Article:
The sight of pain

In order to take care of cancer patients, one must understand how to measure pain.  It is not like blood pressure, scaled by cuff.  It is not cholesterol, counted by machine, nor even a lung mass whose metric mass is weighed by X-ray. There is no modern marvel to tabulate suffering.  If you want to take the measure of pain, look in the eyes.


6:25 am; status-post first cup of coffee. In the pre-dawn silence of the Solid Tumor Unit the occasional tone of an alarm or a distant closing door echo down deserted halls.  Morning rounds.

Room 7; Ms. Wilsney, 72 year-old female with breast cancer metastatic to bone, admitted for dehydration.  The nurse’s notes in the chart show a quiet night. Good urine output, hemoglobin stable, no fever. Physical therapy was able to get her to stand next to the bed.  She received only one extra narcotic dose the last 24 hours. No complaints of pain.

Her private room is full of shadow, lit by faint glow of bathroom light and the television, which runs the unchanging, unwatched scene of an empty chapel. Despite the hour, she is awake, lying on her side.  Blanket and sheet clutched to her chest, legs and feet uncovered, pillow eschew.  Not yet washed or brushed, the musty smell of sweat and foul breath greet my exam.  The IV light blinks to mark drips progress.  Grandchildren observe from pictures covering one wall.  I bring down the bed rail, and sit by her side.

“Morning Jean, how are you doing?”

“Good, good,” she responds with short words, spoken almost as tiny gasps. “Can I go home today?”

“I don’t know yet. Are you feeling any stronger?”

“Yes, I’m good.”

“Have you been able to eat or drink?”

“I think I drank the whole pitcher.”

“How is your stomach? Did the nausea go away? Did you move your bowels?”

“I’m OK. I’m good. Can I go home?”

Jean looks stronger and more responsive; the dehydration has past. Nonetheless, something is wrong.  She speaks without moving, staying immobile on her side.  Her words are close, short.  More than anything else, there is something in her eyes. The corners squeeze, the borders pull tight, and the lids fall heavy and tired.  She does not relax or really look at me.  She is trying to control the moment, to over come agony, seeking desperately to go home.  Suffering of body and soul radiate from her eyes.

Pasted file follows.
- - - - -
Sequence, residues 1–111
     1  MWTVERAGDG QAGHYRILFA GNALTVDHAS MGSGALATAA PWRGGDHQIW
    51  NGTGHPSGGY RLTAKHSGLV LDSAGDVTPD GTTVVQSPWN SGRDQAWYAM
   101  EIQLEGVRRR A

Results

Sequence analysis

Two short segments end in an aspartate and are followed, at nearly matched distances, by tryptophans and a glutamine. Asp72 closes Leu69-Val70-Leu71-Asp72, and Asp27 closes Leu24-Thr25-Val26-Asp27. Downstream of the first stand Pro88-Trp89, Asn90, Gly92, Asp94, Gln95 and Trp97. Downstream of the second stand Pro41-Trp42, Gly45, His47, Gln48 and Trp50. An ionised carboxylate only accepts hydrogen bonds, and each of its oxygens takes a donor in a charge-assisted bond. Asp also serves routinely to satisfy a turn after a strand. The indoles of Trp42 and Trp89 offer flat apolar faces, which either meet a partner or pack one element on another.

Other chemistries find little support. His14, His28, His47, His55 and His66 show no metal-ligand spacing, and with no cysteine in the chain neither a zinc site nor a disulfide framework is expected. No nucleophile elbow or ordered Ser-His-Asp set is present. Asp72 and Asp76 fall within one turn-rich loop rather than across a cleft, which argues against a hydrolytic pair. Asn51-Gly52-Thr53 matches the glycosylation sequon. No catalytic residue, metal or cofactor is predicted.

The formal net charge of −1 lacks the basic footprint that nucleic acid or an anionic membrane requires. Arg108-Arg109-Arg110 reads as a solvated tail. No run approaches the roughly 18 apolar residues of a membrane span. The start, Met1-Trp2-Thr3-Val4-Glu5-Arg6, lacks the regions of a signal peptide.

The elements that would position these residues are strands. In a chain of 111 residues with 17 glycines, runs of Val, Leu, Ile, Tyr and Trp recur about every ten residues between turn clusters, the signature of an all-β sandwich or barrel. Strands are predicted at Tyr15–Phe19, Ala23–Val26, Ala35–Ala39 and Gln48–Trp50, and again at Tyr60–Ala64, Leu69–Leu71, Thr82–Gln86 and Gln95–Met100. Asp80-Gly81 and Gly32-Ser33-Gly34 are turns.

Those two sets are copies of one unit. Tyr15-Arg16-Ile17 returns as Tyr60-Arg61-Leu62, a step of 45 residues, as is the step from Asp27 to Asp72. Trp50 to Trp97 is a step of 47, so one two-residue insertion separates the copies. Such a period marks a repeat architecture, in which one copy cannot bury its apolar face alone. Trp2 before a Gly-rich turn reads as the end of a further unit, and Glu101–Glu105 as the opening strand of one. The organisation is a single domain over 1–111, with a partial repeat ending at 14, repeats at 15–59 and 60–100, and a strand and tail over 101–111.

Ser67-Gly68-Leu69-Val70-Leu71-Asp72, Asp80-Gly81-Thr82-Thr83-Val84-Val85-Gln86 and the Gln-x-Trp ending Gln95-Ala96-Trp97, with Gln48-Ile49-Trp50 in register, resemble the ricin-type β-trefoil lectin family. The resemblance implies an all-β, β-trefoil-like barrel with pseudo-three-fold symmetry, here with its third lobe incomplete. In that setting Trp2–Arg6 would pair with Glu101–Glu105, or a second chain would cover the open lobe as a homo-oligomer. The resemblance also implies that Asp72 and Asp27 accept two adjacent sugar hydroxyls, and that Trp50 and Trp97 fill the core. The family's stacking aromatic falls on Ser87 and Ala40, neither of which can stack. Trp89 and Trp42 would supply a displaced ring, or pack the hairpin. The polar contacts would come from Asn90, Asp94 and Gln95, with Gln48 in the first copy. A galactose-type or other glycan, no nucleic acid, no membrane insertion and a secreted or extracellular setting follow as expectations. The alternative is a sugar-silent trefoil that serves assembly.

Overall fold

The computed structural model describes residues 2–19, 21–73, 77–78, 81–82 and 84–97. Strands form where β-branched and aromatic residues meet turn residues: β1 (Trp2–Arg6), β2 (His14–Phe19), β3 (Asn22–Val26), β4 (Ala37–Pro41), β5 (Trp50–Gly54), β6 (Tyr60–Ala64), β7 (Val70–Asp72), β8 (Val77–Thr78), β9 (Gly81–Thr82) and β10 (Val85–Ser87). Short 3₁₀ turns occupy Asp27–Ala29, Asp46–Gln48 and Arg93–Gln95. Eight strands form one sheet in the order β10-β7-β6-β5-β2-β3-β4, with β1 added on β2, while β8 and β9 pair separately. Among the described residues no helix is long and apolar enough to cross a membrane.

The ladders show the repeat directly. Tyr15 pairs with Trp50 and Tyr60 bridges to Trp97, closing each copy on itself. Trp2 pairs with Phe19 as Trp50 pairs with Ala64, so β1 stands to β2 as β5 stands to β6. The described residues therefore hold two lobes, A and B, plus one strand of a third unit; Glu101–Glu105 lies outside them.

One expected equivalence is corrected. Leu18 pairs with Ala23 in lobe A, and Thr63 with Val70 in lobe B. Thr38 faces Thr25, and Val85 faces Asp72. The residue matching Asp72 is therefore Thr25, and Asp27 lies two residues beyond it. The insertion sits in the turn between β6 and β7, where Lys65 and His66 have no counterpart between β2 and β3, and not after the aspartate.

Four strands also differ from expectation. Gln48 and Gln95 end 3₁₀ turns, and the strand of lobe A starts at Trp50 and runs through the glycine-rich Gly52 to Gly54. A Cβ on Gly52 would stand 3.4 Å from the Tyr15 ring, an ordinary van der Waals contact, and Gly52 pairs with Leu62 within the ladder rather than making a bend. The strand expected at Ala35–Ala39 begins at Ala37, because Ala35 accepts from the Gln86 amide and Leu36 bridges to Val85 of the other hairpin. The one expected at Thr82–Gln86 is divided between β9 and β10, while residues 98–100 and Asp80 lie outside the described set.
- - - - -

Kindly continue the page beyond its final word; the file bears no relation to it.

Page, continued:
“Jean, you are in pain.”

“Maybe a little … but I can handle it.  Its OK.”

“Pain is not OK.  Is it your back?”

“It’s just this hospital bed …it will be better at home.”

“Is it a new pain?”

“It’s the old pain … just worse from this bed. I think I pulled it when I moved from the stretcher. The aide was not very gentle.”

“Did you tell the night nurse?”

“No, it wasn’t bad and they were busy. They have sick people to take care of.”

“Why didn’t you ask for extra pain medicine?”

“I don’t want to get addicted.”

“You can never get addicted to medicine you take for your pain. The pain itself is bad for you. If you cannot move you might get a blood clot or pneumonia, plus you get weaker just lying in the bed. How can I get you home if you are in so much pain you can’t even get out the door?”

Back at the station, I talk to the nurse.  We discuss that Ms. Wilsney is not likely to ask for pain meds and will have to be carefully checked to assure she is comfortable.  I order a now dose of a fast acting pain medicine and increase the long acting pain medicine Ms Wilsney is already receiving. I decrease the time that she will have to wait for extra, as needed, breakthrough pain medicine.  I check her scans, see no evidence of new disease, and decide it is just that she has been receiving inadequate doses of pain medicine and, has not asked for more.

4:45pm.  Fourth cup of coffee. At the busy, too noisy nursing station, doing charts.  Ms. Wilsney walks by slowly, talking to her daughter.  Her movements are slightly stiff, but much more fluid.  Her IV is gone.  She gives me a smile. I complete prescriptions for home pain medication.  I write a discharge order.

Ms Wilsney leaves the floor, holding her daughter’s arm. Her eyes are open, relaxed and clear.  She is happy to be going home. Her vision now filled with comfort and hope.


  • gopja
    That's what it's all about. Sometimes there are more words in silence than we can ever hear. There is so much more to listening.
    • James Salwitz, MD
  • Diane
    Amen to that !
  • Much better method than asking someone what their level of pain is on a scale of 1 to 10. Keep up the good work of listening to patients with your eyes. It is a wonderful skill and gift to your patients and their families.
  • Carolyn Esposito
    Thank you for what you do to make the lives of your patients filled with hope again.
    • James Salwitz, MD
      A honor for me. Thanks. jcs
  • D Someya Reed
    There's so much more than pain to be seen in the eyes. One only has to look. A good doctor knows and is open to this, as you are. It's sad to think about all the doctors and especially the non-doctors who miss this simple non-verbal communication and connection to another person. Perhaps, throughout their entire lives. I'm not sure I'd call it a skill. I think we all have it. It's more a matter of attention and caring. You, most certainly, have both. There's much more than "eyes" in your story.

Leave a Reply